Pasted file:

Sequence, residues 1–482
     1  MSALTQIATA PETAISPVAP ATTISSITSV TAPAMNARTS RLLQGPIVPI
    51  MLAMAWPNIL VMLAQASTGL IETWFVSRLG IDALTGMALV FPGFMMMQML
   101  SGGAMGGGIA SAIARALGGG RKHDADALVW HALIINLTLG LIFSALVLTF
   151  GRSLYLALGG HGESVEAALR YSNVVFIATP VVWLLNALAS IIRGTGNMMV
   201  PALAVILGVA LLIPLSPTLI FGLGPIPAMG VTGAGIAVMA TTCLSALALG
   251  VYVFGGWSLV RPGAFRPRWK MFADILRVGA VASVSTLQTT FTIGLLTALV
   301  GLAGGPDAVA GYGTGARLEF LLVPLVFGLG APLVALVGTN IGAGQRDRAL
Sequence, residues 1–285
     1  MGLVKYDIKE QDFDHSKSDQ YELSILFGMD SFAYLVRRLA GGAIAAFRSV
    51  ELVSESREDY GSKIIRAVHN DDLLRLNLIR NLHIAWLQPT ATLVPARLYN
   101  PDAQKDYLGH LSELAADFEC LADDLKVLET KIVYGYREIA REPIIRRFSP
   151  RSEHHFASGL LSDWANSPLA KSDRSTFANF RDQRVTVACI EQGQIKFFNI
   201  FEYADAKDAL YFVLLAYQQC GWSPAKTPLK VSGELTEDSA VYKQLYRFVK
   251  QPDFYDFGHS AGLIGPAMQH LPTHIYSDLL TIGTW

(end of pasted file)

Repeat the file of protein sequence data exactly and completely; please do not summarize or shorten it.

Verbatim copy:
Sequence, residues 1–482
     1  MSALTQIATA PETAISPVAP ATTISSITSV TAPAMNARTS RLLQGPIVPI
    51  MLAMAWPNIL VMLAQASTGL IETWFVSRLG IDALTGMALV FPGFMMMQML
   101  SGGAMGGGIA SAIARALGGG RKHDADALVW HALIINLTLG LIFSALVLTF
   151  GRSLYLALGG HGESVEAALR YSNVVFIATP VVWLLNALAS IIRGTGNMMV
   201  PALAVILGVA LLIPLSPTLI FGLGPIPAMG VTGAGIAVMA TTCLSALALG
   251  VYVFGGWSLV RPGAFRPRWK MFADILRVGA VASVSTLQTT FTIGLLTALV
   301  GLAGGPDAVA GYGTGARLEF LLVPLVFGLG APLVALVGTN IGAGQRDRAL
Sequence, residues 1–285
     1  MGLVKYDIKE QDFDHSKSDQ YELSILFGMD SFAYLVRRLA GGAIAAFRSV
    51  ELVSESREDY GSKIIRAVHN DDLLRLNLIR NLHIAWLQPT ATLVPARLYN
   101  PDAQKDYLGH LSELAADFEC LADDLKVLET KIVYGYREIA REPIIRRFSP
   151  RSEHHFASGL LSDWANSPLA KSDRSTFANF RDQRVTVACI EQGQIKFFNI
   201  FEYADAKDAL YFVLLAYQQC GWSPAKTPLK VSGELTEDSA VYKQLYRFVK
   251  QPDFYDFGHS AGLIGPAMQH LPTHIYSDLL TIGTW